The proverb may tell us that we can’t have our cake and eat it too, but it seems Krix has turned that proverb on its (proverbial) head with the Acoustix Mk2. Because with these speakers, you can have your cake and eat it too. And just in case you’re wondering what the hell that proverb means, we’d interpret as implying that you can’t have two things that are mutually exclusive.
How the proverb applies in this case is that when it comes to buying speakers, it’s a given that you have to make trade-offs. For example, you really can’t expect to have deep, solid bass if you are not prepared to put a pair of large floorstanding speakers in your room. Another example is that if you don’t want your speakers to be visible at all (by building them into a cabinet of some type), you can’t also expect them to deliver ‘hi-fi’ sound quality.
Krix’s Acoustix Mk2 speakers are proverb-beaters because despite their modest size, they will deliver bass that will have people looking around for the floorstanding speakers, and will also deliver true hi-fi sound even if you mount them inside a cabinet. And although they’re great stereo speakers, their driver layout means you could use one as a centre-channel speaker, guaranteeing truly seamless audio ‘pans’ from the left speaker across to the right when watching 5.1-channel movies. So it’s a great ‘home theatre’ speaker as well.
The Krix Acoustix Mk2 is essentially a perfectly symmetrical three-driver, two-way bass reflex design with twin front-firing ports. You don’t need us to tell you why it’s a ‘perfectly symmetrical’ design: one glance at the photograph accompanying this review should be all that’s required for that!
The two bass/midrange drivers use fibre reinforced moulded-polymer baskets to support doped paper cones, via a rubber suspension. Krix rates the ‘nominal’ diameter of the drivers as 130mm, and the overall diameter is 150mm, with a mounting hole diameter of 136mm, but the Thiele/Small diameter is 102mm, which gives aneffective cone area of 145cm² (Sd). Because there are two bass/midrange drivers, the area available for bass is double this, at 290cm², so if Krix had used a single bass driver, its overall diameter would have been around 243mm, which is one reason the bass is so solid. Each bass/midrange is equipped with a 25mm-diameter voice coil wound around an aluminium former that’s driven by a large, vented magnet assembly, with the whole being supported by an extremely solid cast-metal basket whose design incorporates under-spider venting.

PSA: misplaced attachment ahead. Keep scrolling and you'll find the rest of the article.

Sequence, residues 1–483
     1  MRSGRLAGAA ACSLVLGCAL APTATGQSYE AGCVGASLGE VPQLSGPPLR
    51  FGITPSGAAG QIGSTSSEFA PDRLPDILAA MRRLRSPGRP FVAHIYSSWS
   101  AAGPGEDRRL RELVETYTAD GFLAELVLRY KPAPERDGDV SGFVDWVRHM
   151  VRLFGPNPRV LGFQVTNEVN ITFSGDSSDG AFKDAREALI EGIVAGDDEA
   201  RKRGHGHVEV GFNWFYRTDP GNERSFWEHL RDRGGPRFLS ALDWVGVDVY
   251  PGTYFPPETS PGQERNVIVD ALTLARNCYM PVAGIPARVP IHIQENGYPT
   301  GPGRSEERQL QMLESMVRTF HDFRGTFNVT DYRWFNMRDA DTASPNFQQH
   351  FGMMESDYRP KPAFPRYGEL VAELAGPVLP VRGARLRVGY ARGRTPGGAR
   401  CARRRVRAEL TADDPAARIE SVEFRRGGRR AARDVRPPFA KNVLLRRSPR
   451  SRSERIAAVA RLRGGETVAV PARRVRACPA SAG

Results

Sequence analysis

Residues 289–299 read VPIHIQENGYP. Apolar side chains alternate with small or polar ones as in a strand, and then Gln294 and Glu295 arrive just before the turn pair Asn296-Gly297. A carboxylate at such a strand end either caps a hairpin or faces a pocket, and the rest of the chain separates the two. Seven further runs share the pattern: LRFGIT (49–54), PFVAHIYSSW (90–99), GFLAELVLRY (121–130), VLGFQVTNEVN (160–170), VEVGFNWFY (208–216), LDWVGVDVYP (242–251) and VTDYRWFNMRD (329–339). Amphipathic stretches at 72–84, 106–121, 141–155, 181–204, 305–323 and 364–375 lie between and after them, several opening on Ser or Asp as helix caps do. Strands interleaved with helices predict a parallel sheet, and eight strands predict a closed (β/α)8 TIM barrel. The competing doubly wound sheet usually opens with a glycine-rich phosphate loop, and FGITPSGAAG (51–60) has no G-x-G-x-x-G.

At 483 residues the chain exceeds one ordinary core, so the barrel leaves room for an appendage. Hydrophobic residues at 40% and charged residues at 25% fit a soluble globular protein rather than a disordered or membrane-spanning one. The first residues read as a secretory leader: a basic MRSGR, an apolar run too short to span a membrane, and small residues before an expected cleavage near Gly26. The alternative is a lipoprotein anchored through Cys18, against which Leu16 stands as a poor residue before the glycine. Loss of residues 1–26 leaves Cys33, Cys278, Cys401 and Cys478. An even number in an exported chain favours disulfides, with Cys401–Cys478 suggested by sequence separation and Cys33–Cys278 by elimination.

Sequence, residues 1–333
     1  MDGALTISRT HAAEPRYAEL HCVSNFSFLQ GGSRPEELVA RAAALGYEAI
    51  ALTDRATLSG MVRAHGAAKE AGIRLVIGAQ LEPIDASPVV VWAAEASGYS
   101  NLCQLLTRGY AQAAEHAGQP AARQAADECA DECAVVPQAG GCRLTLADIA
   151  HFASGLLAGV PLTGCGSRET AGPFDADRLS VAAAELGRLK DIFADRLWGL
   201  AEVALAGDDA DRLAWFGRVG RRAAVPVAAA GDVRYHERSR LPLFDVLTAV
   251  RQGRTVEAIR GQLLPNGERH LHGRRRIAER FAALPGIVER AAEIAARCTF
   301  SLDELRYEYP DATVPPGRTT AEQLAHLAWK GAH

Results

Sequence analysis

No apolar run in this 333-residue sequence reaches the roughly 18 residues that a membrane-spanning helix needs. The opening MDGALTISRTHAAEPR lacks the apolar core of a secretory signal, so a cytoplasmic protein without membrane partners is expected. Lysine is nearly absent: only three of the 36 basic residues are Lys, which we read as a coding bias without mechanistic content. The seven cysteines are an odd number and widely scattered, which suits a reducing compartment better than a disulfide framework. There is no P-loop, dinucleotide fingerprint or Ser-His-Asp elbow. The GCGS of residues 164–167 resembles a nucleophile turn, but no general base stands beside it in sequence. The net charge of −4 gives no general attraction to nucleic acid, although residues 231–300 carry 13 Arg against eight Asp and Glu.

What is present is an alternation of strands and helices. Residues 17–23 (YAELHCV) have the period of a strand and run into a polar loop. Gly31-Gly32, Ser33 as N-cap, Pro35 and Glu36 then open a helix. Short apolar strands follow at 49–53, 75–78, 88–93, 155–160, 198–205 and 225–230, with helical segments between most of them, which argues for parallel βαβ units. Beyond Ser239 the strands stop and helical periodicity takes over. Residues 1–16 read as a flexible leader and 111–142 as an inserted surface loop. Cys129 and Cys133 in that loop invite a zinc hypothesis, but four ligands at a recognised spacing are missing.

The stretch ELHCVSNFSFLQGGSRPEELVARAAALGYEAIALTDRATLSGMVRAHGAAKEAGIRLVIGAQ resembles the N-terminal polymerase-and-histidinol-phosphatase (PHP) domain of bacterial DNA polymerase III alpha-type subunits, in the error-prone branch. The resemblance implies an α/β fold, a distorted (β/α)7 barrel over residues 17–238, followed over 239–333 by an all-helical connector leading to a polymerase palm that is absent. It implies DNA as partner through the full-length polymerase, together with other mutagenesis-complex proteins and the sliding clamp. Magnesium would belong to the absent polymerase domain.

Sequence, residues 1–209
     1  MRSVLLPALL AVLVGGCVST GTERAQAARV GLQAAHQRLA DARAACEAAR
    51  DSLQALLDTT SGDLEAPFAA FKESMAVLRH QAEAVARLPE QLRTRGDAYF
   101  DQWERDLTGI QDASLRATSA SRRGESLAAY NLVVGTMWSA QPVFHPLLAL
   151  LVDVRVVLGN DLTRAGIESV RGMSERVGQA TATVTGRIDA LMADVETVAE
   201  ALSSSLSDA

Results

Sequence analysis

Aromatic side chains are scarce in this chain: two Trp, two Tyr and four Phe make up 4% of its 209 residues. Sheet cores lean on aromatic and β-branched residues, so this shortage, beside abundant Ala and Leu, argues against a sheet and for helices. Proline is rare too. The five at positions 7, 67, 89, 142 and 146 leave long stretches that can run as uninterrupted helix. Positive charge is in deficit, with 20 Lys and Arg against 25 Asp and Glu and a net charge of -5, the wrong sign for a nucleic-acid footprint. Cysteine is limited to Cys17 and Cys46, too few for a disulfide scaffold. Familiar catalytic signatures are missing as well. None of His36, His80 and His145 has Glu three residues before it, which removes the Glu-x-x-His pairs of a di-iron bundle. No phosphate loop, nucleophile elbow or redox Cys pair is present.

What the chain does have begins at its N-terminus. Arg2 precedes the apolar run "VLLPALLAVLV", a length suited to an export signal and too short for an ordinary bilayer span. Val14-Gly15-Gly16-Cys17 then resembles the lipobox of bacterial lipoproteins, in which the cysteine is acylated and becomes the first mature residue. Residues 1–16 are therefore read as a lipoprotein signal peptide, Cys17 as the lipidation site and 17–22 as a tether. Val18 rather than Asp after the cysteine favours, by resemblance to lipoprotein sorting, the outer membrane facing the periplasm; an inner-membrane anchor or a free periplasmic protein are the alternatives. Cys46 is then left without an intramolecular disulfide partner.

These drivers are crossed (at 2.1kHz) to a 25mm dual-concentric diaphragm tweeter with wave-guide central plug and ring-formed absorption chamber. The particular design is often referred to as a ‘ring radiator’ design, for which Danish company Vifa has two patents, so it was hardly surprising that the tweeter Krix uses on the Acoustix Mk2 is, in fact, made by Vifa itself, the particular version being an XT25SC, which has a neodymium magnet.
The crossover (made in-house by Krix itself as, indeed, are the Acoustix Mk2’s cabinets) comprises two cross-mounted inductors (one air-cored, one ferrite-cored), three Krix-branded metalised polypropylene film capacitors and a single cermet resistor, all of which are mounted on a robust PCB. As with many designs, the crossover is easily accessible, being mounted to the rear of the speaker terminal plate.
Although theory has it that two small bass reflex ports will work as well as one larger bass reflex with twice the area, this doesn’t actually work out this way in practise when you’re using two bass drivers, so we were pleased that Krix uses two ports on its Acoustix Mk2. So, appearances to the contrary, the ports are not there just to make the speakers truly symmetrical… the speakers do really work better with this layout. That the ports are on the front baffle, rather than the rear, means that the speakers can be mounted inside furniture items (an AV cabinet, for example).